ONE of the big concerns over the forthcoming reform of the common agricultural policy (CAP) is who will have “entitlement” to financial support. Yesterday, NFU Scotland president Nigel Miller urged that a speedy decision was made over this aspect of policy.
He told farmers at the AgriScot exhibition at Ingliston that the union believed entitlements should be based on 2013. This would help retain subsidies for active farmers and also prevent future speculation over people trying to muscle in on getting a larger share of what will admittedly be a much reduced pot of cash.
The union is about to embark on a round-Scotlandy tour of members’ meetings and the thrust from headquarters is to push the Scottish Government to make early decisions to reduce uncertainty as well as making sure the support is targeted at those actively producing food.
“The shift to an area-based system could be brutal. But targeting support only to those who are active and looking at coupled options for our most vulnerable sectors means getting the best value out of a blunt area payment system. Finding a system that works will not be easy but it is a challenge that we and the Scottish Government must embrace.
“A simple look at the three million hectares in Scotland classed as rough grazing provides a snapshot of the challenges we face in trying to secure a scheme that properly recognises and encourages activity in a region where massive variances in stocking rate exist.”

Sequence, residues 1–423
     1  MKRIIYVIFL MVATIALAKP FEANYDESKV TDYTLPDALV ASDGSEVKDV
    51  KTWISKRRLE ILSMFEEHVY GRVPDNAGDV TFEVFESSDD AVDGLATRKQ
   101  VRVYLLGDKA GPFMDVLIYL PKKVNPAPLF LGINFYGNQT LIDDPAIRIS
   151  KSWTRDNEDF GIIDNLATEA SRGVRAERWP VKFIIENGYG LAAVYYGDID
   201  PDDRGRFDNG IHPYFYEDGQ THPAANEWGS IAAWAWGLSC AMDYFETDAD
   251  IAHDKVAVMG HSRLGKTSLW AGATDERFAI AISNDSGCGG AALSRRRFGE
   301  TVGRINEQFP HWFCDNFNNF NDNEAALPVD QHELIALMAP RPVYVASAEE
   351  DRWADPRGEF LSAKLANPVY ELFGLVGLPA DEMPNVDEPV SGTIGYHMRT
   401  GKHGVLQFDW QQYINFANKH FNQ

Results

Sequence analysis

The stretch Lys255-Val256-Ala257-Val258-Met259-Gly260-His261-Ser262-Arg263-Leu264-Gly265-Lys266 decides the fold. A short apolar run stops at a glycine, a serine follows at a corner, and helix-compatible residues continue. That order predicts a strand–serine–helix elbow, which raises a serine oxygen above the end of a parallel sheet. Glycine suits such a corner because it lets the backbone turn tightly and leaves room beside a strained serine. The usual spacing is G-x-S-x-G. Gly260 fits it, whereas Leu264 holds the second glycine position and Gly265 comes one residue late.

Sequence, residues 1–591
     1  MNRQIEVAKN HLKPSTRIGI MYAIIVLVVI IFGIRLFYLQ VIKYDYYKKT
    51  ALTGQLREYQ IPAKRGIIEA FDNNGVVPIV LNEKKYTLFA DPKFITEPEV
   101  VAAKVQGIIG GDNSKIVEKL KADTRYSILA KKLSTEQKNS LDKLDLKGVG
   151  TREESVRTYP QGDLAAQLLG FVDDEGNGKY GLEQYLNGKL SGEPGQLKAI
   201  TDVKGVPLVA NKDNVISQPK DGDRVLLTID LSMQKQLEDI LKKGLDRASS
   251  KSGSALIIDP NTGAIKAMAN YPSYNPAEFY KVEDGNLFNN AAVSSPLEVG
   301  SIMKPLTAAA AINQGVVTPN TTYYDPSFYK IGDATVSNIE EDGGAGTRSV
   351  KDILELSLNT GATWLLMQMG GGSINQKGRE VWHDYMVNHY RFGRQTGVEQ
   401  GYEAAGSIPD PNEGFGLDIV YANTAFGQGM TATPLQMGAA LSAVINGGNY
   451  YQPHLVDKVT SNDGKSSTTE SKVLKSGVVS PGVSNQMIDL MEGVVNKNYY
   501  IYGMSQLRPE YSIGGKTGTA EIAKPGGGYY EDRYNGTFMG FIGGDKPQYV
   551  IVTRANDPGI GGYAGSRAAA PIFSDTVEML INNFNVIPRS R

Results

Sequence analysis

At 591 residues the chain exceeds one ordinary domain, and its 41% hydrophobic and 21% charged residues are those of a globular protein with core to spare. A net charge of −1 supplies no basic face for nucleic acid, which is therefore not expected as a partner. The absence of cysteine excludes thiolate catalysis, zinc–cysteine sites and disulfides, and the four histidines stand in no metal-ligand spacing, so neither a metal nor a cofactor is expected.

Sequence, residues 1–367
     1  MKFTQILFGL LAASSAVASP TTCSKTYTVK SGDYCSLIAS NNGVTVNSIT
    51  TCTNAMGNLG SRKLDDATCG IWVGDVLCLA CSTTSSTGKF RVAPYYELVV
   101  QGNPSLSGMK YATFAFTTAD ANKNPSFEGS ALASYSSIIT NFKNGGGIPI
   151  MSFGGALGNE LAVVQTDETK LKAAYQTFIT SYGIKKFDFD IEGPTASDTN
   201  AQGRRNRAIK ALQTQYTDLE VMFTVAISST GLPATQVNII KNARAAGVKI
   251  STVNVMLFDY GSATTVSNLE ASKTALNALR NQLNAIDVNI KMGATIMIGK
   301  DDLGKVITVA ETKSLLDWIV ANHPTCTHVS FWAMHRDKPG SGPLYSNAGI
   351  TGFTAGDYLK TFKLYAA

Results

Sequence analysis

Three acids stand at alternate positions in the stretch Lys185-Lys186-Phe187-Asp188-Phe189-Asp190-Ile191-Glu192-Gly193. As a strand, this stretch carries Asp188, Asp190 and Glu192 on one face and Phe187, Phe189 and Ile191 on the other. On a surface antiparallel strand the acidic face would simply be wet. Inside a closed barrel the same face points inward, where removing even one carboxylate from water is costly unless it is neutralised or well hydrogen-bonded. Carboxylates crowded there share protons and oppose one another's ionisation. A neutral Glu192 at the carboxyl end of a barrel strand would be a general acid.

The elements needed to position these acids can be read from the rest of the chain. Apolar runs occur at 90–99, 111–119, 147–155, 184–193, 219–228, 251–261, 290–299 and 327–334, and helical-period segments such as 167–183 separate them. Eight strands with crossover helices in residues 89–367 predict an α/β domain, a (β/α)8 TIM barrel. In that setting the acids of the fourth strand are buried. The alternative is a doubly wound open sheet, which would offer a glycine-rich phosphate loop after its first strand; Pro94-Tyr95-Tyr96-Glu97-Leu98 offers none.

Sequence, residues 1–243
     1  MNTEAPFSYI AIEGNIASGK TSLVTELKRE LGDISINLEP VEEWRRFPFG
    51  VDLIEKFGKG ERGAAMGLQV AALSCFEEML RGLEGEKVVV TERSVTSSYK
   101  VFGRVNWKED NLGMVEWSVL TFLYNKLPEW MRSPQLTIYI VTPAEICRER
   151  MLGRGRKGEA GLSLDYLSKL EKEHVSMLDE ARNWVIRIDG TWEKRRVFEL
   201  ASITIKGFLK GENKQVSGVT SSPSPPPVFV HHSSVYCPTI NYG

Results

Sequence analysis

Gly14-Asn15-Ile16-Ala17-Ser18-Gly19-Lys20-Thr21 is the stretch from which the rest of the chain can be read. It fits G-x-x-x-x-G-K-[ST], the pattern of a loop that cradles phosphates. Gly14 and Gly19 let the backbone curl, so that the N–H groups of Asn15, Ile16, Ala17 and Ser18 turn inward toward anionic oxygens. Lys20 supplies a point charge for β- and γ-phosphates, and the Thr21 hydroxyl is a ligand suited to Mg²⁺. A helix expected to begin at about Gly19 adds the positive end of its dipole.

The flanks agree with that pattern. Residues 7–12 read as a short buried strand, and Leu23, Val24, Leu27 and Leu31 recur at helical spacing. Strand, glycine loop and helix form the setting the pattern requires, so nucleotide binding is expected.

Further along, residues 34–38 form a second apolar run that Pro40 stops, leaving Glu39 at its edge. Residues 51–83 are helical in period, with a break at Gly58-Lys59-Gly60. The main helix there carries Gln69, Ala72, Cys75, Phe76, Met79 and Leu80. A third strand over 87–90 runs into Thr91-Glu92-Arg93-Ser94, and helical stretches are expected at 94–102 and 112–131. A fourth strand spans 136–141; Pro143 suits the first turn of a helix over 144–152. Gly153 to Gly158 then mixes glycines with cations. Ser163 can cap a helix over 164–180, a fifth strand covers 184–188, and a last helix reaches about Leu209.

Rural affairs secretary Richard Lochhead admitted that the change to area payments would inevitably produce winners and losers.
He also threw out a broad hint that, while the official CAP reform consultation papers from the Scottish Government would be coming out shortly, it was likely he would be supportive of a transfer of cash from direct payments to farmers into the pot of money aimed at wider environmental benefits.
Inevitably both speakers criticised the UK decision on sharing out the CAP budget, with Miller highlighting the union campaign to get the findings of the promised 2017 review implemented shortly thereafter.
For his part, Lochhead berated the UK decision on the grounds that it left Scottish farmers on the bottom rung of the subsidy ladder in Europe. Speaking later,, he refused to give full support to the union campaign.
In his speech, Lochhead announced the setting up of a group to look at options for increasing sustainable long term growth in Scotch beef production.
“To fully capitalise on new [export] streams,” he said, “it is vital that we look to produce more top-class Scotch beef to export. We already know it is an iconic Scottish product but we need to expand the brand.
“To do this, we need to take an in-depth look at the issues surrounding livestock production and help our producers and processors recognise and seize the opportunities that are now open to them.”
The group will be headed by Quality Meat Scotland chairman Jim McLaren and will report by next June.